Beyond Lovecraft

Hey everybody,
Christmas is coming, and inevitably I’m getting into the mood for some mythos tales as I play more of the Arkham Files games and get into that side of things, but I thought it might be interesting to see beyond Lovecraft and investigate some of the authors that have contributed to the mythos, specifically of course, the games!

Let’s start with Robert E Howard, the man who is credited with single-handedly creating the Sword & Sorcery genre. Conan the Barbarian was perhaps his greatest creation, although Howard also wrote weird tales, and weird West stories, and created Solomon Kane and Kull. 

The Haunter of the Ring is an interesting little story that deals with something more akin to black magic than actual cosmic horror. A Hungarian occultist calls forth the dark powers of the haunter to exact his revenge upon the man who stole the woman he loved, by using her as his instrument of vengeance. He gives her a ring that temporarily allows the haunter to take over her body, whereupon she tries to kill her husband. Very weird, some nice mythos elements from aspects such as the magical dabbling, but I think overall it lacks that sort of thrill from the stories that deal with the ancient ones.

The Horror from the Mound is one of Howard’s weird west stories, and concerns the down-on-his-luck cowboy Steve Brill, who notices how his Mexican neighbour skirts a mound and questions him about it. With dire warnings not to investigate it ringing in his ears, Steve impetuously digs up the mound, though is initially dismayed to find it seemingly empty. However, following a shadowy shape to his neighbour’s house, he witnesses the old Mexican being murdered. Returning to his house with the written notes from the Mexican’s hut, Steve learns the mound was constructed to contain the body of a vampire, at which point he looks up and sees said vampire looking through his window! It’s a fantastic pulp story, and is full of suspense and horror. Definitely recommended!!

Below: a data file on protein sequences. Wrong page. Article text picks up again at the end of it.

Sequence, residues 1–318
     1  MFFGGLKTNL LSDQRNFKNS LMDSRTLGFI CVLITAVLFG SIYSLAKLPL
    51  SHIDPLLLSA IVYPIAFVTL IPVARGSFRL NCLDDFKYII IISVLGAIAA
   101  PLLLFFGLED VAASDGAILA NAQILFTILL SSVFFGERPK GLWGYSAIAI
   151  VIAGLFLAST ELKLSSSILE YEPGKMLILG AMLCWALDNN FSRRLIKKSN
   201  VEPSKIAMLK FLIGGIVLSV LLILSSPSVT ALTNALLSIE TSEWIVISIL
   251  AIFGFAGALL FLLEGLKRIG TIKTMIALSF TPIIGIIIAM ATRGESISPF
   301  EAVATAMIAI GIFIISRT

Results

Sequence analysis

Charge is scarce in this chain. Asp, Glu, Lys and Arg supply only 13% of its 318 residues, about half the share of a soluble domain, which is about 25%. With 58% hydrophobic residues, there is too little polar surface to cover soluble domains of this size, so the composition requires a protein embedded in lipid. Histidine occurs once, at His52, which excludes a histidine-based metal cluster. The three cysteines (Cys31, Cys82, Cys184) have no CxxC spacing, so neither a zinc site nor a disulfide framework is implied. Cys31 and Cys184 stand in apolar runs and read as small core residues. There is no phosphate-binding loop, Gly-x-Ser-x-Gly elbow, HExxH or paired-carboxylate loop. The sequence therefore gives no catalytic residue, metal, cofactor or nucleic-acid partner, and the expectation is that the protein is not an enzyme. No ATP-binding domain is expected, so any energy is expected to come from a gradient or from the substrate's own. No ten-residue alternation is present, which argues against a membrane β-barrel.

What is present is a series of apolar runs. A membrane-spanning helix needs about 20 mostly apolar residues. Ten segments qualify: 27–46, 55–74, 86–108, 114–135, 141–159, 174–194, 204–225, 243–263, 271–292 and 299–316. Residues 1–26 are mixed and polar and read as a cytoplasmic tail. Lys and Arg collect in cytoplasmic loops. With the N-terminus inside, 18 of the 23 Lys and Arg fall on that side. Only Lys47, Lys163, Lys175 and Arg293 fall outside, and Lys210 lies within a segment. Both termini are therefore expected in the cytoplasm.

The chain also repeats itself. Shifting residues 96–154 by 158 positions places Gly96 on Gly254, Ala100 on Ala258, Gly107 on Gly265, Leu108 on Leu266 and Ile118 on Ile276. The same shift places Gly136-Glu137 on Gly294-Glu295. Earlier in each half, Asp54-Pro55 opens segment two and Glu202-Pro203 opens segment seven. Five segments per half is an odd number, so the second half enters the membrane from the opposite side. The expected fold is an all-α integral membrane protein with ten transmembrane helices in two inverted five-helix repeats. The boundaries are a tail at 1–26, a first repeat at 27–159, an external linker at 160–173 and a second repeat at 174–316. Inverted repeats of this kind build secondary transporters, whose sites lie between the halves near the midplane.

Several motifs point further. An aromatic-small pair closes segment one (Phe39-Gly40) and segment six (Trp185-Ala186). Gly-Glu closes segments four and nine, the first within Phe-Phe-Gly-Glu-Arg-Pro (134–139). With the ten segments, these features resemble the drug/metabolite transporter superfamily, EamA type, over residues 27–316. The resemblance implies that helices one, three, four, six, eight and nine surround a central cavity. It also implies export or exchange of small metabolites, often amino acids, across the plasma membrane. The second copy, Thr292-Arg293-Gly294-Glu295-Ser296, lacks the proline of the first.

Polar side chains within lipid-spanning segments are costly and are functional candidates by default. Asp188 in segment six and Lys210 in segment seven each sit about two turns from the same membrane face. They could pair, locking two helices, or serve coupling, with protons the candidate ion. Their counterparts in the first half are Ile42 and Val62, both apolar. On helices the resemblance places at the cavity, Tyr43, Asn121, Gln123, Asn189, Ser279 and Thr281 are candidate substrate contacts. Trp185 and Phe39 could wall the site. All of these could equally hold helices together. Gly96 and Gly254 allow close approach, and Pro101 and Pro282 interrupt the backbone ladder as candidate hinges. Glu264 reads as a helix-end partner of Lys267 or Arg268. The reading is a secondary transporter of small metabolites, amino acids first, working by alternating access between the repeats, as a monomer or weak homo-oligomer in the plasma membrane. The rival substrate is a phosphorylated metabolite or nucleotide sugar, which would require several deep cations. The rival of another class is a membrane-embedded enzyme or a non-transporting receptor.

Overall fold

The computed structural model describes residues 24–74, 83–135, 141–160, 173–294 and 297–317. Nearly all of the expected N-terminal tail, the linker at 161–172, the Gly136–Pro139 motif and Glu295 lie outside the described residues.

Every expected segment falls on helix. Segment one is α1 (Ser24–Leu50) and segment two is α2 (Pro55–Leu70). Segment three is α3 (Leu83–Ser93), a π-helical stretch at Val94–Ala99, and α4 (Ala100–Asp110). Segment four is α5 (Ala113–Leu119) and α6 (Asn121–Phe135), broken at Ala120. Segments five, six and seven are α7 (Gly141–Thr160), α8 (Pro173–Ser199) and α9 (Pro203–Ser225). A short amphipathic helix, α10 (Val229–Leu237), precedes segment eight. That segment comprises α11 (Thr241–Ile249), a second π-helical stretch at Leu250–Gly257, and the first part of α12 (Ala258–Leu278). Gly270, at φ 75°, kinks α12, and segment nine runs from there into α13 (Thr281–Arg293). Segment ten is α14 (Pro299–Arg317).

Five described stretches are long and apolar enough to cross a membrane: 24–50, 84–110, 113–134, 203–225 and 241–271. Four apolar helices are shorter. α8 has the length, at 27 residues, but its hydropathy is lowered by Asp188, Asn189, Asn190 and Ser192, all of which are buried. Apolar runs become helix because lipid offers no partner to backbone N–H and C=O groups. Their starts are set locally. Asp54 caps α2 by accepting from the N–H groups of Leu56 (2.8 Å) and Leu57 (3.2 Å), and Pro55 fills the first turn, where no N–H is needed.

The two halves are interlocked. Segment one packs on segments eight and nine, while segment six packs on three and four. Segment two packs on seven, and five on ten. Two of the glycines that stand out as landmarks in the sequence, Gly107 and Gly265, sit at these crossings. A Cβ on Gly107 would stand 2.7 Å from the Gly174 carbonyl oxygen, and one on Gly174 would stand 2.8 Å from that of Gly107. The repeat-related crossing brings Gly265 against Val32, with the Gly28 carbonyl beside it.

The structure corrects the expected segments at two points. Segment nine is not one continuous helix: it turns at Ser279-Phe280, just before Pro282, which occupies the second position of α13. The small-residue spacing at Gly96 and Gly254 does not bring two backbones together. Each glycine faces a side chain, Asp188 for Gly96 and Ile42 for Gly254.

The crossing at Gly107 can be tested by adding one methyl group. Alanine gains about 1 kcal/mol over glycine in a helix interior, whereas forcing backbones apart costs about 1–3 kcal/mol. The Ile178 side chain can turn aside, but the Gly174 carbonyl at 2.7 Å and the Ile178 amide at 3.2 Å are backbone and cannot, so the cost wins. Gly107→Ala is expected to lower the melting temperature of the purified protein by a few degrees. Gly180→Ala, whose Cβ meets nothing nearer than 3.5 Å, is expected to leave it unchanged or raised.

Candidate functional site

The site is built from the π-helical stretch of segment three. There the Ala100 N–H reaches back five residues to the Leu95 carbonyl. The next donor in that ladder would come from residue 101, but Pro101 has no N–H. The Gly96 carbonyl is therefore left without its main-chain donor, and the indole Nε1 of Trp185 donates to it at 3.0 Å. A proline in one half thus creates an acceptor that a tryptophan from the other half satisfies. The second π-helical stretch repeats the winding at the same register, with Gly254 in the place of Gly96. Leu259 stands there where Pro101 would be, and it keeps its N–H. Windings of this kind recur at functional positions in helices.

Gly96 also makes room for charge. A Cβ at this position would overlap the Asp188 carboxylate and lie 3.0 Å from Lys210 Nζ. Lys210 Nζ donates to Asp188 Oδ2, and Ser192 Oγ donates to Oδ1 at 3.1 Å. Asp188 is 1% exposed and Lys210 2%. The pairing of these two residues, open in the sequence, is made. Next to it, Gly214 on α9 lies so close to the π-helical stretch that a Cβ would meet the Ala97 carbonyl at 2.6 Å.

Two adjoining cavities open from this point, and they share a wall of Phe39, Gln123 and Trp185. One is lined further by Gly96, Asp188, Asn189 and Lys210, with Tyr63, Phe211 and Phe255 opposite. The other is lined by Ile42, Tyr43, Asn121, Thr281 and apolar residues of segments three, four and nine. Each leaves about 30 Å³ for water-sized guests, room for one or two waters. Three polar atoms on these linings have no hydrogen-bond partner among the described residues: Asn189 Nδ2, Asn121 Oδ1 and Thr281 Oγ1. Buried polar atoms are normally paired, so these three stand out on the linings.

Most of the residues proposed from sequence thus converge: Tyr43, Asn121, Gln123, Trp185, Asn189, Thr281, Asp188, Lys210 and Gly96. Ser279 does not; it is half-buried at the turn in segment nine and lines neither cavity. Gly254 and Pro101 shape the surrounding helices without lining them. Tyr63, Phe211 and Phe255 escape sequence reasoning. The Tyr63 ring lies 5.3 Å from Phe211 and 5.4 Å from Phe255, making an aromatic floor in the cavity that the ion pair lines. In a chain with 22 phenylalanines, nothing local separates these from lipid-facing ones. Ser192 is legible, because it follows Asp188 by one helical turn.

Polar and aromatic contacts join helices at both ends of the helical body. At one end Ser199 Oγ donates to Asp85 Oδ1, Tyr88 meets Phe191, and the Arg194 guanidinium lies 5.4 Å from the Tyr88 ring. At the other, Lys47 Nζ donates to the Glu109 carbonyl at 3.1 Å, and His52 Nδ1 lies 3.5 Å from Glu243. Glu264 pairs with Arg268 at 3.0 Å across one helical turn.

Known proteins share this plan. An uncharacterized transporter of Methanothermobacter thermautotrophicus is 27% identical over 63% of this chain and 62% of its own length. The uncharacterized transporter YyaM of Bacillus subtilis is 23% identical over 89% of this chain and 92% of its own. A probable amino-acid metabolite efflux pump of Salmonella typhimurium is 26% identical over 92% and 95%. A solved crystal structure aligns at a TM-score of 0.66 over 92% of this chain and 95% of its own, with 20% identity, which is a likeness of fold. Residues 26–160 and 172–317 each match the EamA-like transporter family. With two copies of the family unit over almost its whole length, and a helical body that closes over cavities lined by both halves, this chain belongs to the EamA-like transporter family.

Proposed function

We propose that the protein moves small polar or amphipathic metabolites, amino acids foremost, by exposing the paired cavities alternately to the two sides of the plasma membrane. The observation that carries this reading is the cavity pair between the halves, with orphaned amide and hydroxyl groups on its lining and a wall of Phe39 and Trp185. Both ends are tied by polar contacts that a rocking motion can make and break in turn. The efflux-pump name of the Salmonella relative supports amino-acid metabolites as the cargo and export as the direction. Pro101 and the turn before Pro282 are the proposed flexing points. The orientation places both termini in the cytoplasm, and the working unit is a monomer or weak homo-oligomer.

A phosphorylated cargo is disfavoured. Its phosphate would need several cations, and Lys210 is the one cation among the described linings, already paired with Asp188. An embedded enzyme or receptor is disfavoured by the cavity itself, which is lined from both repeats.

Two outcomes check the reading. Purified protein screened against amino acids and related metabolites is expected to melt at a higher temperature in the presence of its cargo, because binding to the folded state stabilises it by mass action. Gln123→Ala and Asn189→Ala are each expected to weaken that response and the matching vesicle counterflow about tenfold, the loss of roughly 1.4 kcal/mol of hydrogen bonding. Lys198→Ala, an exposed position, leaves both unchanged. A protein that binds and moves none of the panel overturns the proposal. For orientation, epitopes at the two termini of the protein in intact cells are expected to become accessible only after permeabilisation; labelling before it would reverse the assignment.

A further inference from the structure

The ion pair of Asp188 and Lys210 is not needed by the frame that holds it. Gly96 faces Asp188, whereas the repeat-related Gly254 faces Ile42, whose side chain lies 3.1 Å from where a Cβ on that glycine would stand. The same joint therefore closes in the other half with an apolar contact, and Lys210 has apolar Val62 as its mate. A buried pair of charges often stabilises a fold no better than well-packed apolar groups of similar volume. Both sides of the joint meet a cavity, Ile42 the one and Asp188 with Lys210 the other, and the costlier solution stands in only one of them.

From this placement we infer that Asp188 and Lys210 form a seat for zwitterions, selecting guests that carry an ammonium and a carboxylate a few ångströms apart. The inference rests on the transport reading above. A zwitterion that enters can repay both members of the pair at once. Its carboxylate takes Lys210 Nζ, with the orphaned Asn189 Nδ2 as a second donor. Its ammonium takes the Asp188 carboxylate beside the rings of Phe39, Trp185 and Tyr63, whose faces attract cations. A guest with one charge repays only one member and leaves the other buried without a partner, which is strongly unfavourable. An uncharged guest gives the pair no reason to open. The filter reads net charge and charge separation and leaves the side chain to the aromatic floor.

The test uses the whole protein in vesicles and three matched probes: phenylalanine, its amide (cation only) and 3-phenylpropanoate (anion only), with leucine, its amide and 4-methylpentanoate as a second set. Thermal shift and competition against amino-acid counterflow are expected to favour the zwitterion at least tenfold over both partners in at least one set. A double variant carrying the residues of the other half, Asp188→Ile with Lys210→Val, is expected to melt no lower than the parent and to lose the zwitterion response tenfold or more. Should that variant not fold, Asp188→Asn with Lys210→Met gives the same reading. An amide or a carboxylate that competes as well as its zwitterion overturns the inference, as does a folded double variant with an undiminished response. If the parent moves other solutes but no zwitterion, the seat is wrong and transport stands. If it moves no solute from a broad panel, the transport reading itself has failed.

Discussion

Next up, we have the almost controversial figure of August Derleth. The man who is responsible for preserving and publishing much of Lovecraft’s work after his death. Derleth had attempted to bind Lovecraft’s mythological creations into a cohesive narrative, the Hastur mythos, though in life Lovecraft rejected the idea. In the years following Lovecraft’s death in 1937, however, Derleth wrote stories that worked towards a single coherent pantheon of Great Old Ones and Elder Gods. Many have since denounced this move, of course, leading to a somewhat chequered reputation for him. 

The Return of Hastur is an odd duck. It has a poor reputation among Lovecraft devotees for being the story that first attempted to classify the mythos by elemental means. An elderly scholar dies, and asks that certain books be destroyed, along with his house. However, his nephew contests this action but subsequently grows to rue that decision, as he learns that his uncle had made a pact to provide a haven for the return of the ancient one, Hastur. For a good chunk of the tale, it actually reads very much like a Lovecraft story, but there are several unfortunate parts that really try too hard to force themselves into the mythos, that it reads like bad fan fiction. I think it was also a very poor decision to include an actual reference to The Call of Cthulhu as a weird tale itself, as it just rang too false for me. I’m not sure that the story deserves quite the amount of hate that has been directed towards it, but I’m equally disappointed that the story is effectively worse for trying too hard.

The Dweller in Darkness bears a very strong resemblance to Derleth’s earlier The Thing that Walked on the Wind, having the setting of a cabin in the woods in the author’s native Wisconsin. The narrator is on the trail of a disappeared academic, and goes up to a cabin on the shunned Rick’s Lake with a fellow graduate student, in an effort to pick up his trail. The trail leads them through several Lovecraftian tropes, we get a link between Cthulhu and Nyarlathotep, and the new Great Old One, Cthugha, a fireball which is depicted in opposition to the other two in Derleth’s pantheon. There are definite shadows from Lovecraft, particularly The Whisperer in the Darkness (recording the otherworldly voices via dictaphone, for example, and the conclusion describing the footprints). I did think it was a good story, and better than the other one, as this definitely tried more to be its own thing. I suppose I just feel disappointed when Lovecraft’s stories are brought into the story as support for the eldritch horror that lurks.